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UKBengali

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What Sylheti people speak is neither a separate language nor closer to Assamese language. Because even when British made Sylhet part of Assam(1874-1947AD), Assamese people never accepted Sylheti language to be a dialect of Assamese language nor Sylheti people as a part of their own ethnicity. Assamese people always considered Syheti people(both Hindu and Muslims) to be Bengali, Sylheti people also considered themselves as Bengali. Assamese nationalists always wanted to get rid of Sylhet in their quest to form an ethno-linguistic homogeneous province, Sylheti people also had active movement before 1947 to return to Bengal province.

Sylheti people always consider themselves as Bengali and their language as a dialect of Bengali language. This is evident even in Barak valley(Karimganj, Hailakandi, Cachar district) in Assam. Barak valley is neighboring to Sylhet and it's inhabitants speak same Sylheti dialect. Before 1947 partition, Barak valley was part of greater Sylhet. In 1950s and 1960s, Assamese govt. tried to impose Assamese language over Barak valley much like Pakistani rulers tried to impose Urdu in then East Pakistan. Much like 1948-1952 language movement in East Pakistan, people of Barak valley also rose-up in a massive movement to retain Bengali as an official language in Barak valley. Climax of that movement occured in 1961 when 11 language activists were killed by Assamese police force.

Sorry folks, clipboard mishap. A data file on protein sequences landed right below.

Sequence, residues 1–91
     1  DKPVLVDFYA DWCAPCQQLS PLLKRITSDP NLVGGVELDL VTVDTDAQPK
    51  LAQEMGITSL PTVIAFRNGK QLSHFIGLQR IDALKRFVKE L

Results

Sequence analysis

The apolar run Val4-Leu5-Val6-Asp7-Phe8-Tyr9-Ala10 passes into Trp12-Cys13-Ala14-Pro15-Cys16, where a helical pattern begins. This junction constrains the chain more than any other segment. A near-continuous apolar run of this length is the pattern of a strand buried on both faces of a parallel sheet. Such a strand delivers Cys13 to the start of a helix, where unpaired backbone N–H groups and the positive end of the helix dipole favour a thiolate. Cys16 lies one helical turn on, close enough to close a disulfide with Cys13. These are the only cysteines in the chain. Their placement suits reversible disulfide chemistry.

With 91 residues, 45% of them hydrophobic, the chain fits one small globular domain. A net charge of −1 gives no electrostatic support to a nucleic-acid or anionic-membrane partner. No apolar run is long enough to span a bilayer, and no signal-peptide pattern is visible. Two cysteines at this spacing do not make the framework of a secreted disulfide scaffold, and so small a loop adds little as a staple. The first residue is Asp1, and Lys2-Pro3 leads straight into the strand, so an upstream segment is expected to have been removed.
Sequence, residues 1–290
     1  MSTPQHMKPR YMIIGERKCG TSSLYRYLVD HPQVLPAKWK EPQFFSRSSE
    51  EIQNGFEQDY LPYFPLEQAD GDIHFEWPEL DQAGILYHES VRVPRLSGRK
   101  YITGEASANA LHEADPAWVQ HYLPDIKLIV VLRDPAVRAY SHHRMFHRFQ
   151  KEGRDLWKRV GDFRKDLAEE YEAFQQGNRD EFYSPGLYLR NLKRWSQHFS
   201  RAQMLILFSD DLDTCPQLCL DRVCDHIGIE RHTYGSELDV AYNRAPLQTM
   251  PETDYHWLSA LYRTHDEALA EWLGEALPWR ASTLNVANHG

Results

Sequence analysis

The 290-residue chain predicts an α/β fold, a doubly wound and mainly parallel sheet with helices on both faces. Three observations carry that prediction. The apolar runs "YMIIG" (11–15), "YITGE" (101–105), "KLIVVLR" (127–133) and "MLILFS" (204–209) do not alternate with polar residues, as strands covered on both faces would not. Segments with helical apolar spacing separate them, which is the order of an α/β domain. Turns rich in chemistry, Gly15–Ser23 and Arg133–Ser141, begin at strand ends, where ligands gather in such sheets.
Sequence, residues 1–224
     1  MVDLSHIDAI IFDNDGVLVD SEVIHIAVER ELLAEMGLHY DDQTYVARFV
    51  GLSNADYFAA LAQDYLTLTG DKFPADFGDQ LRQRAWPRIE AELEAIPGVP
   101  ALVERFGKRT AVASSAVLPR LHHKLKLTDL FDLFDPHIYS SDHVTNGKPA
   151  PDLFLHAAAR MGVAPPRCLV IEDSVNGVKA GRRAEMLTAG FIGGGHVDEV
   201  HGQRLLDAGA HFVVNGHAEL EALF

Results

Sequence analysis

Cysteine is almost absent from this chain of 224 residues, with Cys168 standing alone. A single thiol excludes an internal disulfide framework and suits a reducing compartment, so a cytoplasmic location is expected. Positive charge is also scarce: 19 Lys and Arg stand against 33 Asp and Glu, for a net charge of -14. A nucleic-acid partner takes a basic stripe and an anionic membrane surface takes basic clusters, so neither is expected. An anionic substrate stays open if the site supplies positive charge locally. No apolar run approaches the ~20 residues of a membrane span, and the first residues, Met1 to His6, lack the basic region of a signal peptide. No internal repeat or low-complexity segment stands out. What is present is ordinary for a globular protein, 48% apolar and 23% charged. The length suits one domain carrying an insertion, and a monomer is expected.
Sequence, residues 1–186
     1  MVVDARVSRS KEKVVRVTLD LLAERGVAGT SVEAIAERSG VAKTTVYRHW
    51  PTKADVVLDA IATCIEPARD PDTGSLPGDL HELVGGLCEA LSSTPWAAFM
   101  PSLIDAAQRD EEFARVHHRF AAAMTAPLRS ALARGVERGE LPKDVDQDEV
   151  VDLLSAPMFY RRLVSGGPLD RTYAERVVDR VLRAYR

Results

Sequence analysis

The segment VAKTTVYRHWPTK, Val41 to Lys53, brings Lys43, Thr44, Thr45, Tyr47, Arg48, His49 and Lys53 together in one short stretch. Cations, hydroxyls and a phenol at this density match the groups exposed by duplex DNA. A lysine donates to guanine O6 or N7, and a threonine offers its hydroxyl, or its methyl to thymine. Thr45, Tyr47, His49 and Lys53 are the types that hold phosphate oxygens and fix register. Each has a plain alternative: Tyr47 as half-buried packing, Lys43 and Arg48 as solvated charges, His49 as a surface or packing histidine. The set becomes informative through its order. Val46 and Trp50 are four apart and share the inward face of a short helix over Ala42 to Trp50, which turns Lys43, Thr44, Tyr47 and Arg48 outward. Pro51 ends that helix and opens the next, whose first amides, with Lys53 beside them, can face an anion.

Subsequently Assam govt. were forced to give Bengali language official status in Barak valley which still continue. So, there is a strong parallel of what happened in then East Pakistan and Barak valley. My question is, if people of Barak valley who are 100 percent same as Bangladeshi Sylheti people gave their life for Bengali language? They could have easily assimilated into Assamese language and culture if they considered to be more akin to Assamese or Bengali as separate language that their own mother tongue.

To this day, people of Barak valley speak Sylheti dialect, but their school and other educational institutions, offices, courts, newspapers, literature uses standard Bengali language. If Barak valley people do indeed consider their language, culture and ethnicity as Bengali then what chance of Bangladeshi Sylheti people do not consider the same? Obviously they do. All these talks of Sylheti being a separate language or more similar to Assamese than Bengali is the opinion of a very fringe group of people, most often from overseas Sylheti diaspora which has no steam in the real world.
@Syed Hammad Ahmed

I am not talking about politics but the linguistic similarities of the three languages.

Of course Sylhetis consider themselves Bengalis but that is not the point here.